I am not now and have never been truly poor. The thousands of dollars of taxes I spend each year are not anywhere near enough to make me poor. I find it unlikely that taxes alone ever will be. This position is one of profound privilege in the world.
An awful lot of people feel offended or angry about their taxes. I feel differently. It isn’t that I fail to question whether some people are freeloaders that take advantage of me (although my opinions about their identities are unorthodox). It isn’t that I agree with all the ways our tax dollars are spent. There is ample opportunity for scorn within our government at pretty much any level you care to look.
But my taxes are proof that I support my community. My taxes pay for schools and medics. I am proud of my taxes. My taxes are proof that I support my country. My taxes pay for courts and soldiers. To hell with Memorial Day flags and mattress sales (which is a rabbit-hole unto itself), I feel at my most patriotic on Tax Day.
This time of year I frequently hear about how important money is to motivate people. A co-worker put it to me this way a few years back: ‘Say my parents work harder and get a $50k bonus. Where is the motivation to work so hard if the government is just going to take half of it away?’ At the time, we were both making $25k gross. My response then was, I think, the most succinct way I have ever made this point: ‘Setting aside the fact that even the highest marginal tax rate is nowhere near 50%, if you honestly feel like $25k is not incentive to work hard, can I have yours?’ It hadn’t occurred to hir to compare the two numbers. The magnitude of income inequality within a single generation of the same family didn’t register.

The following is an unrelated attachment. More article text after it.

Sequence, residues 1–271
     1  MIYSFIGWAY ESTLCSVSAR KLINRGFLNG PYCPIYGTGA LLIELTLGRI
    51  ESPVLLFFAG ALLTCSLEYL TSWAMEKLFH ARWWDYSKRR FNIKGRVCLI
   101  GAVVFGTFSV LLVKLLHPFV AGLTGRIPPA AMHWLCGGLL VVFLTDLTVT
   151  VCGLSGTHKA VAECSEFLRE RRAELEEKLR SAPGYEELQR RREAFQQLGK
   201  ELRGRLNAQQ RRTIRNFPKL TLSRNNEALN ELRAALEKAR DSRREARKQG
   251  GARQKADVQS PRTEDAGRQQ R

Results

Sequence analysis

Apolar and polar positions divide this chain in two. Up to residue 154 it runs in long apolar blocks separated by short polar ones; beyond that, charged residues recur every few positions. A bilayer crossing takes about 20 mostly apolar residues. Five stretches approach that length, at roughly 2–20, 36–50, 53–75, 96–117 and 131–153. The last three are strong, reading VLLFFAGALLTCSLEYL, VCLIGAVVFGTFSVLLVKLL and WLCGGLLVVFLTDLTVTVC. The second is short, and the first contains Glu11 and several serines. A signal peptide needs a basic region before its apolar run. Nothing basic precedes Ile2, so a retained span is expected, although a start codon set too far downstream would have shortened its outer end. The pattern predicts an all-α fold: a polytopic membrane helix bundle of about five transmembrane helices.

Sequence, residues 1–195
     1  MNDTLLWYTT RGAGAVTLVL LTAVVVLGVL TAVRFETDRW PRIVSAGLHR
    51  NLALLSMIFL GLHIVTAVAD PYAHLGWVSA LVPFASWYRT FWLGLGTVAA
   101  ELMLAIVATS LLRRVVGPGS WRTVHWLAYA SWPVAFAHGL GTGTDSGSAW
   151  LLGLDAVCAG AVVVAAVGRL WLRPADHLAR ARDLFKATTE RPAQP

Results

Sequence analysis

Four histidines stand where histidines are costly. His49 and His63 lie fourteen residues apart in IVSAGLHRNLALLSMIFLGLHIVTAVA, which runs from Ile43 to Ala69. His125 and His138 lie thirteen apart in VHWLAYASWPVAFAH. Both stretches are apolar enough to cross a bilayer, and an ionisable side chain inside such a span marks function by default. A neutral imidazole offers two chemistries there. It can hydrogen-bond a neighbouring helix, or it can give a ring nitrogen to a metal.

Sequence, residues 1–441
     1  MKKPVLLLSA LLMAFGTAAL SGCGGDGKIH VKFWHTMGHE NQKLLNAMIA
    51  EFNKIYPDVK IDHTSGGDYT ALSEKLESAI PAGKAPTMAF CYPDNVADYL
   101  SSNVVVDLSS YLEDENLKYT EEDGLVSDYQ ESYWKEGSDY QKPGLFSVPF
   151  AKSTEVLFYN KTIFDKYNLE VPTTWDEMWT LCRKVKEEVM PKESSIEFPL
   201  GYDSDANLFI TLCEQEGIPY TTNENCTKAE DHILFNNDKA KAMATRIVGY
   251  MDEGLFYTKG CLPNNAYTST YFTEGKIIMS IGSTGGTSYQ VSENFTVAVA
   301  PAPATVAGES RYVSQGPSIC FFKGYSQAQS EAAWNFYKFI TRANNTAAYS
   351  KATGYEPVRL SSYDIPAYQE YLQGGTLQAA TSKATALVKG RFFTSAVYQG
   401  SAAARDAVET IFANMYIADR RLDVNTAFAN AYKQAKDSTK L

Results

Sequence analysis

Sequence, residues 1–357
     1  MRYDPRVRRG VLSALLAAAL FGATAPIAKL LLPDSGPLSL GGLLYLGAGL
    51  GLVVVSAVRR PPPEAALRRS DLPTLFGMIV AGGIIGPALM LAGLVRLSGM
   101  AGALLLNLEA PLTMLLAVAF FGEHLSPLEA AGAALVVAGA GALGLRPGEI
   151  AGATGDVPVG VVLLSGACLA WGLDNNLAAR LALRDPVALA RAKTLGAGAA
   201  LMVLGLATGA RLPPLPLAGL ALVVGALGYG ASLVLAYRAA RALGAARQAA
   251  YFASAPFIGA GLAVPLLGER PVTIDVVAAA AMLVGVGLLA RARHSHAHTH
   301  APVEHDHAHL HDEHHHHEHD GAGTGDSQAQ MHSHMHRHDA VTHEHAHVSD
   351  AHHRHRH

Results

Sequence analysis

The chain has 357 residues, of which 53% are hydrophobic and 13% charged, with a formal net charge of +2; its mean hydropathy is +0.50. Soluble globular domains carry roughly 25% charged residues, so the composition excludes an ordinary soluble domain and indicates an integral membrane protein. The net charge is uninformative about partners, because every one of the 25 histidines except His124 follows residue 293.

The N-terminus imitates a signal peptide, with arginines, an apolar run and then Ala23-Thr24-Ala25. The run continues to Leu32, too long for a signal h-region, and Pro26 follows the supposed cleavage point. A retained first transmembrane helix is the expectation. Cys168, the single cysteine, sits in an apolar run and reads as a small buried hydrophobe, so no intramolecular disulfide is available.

The thing is, it needs to register. We can’t operate a national economy where money that makes one group think ‘maybe I can afford/will have to sell the second car’ is, in another group, more than every object they have owned and service they have used this year. Currency streamlines the economy because it represents something, it means something that is roughly the same to everybody. It shows that you contributed to society, how much you contributed, and how much of our economic spoils you are entitled to as a result. Work harder/longer/smarter to get more in proportion to the additional labor and we can still make sense of money. But if the money represents fundamentally different things to different people, it does not work.
Income inequality on the magnitude that we have now makes the whole enterprise of currency nonsensical on the large scale. Arguing with someone over how to make up holes in the budget makes sense if they have half of what you have or double what you have. But if they have 1%? 0.1%? Nobody believes you worked a thousand times longer to get that (seriously, there are less than 9000 hours in a year), so currency doesn’t mean the same thing anymore. Even if you did, the idea that it would work to get the poor to shoulder a larger burden is comical.
Poverty is buying 20$ shoes that last a year instead of 50$ shoes that last for five.
Poverty is living in the shadow of a hospital for years and not knowing what goes on inside.
Poverty is falling down because insurance doesn’t cover a chunk of rubber to fix your cane.
Poverty is paying double for a gallon of milk with half the shelf life.
Poverty is forcing yourself to sleep on your days off to save calories.
Poverty is not calling the cops because you can’t risk being late for work and it takes hours.
Poverty is buying a small soda at McDonald’s and adding 20 packets of sugar while everyone within sight stares.
The little I pay to the government is not something to resent.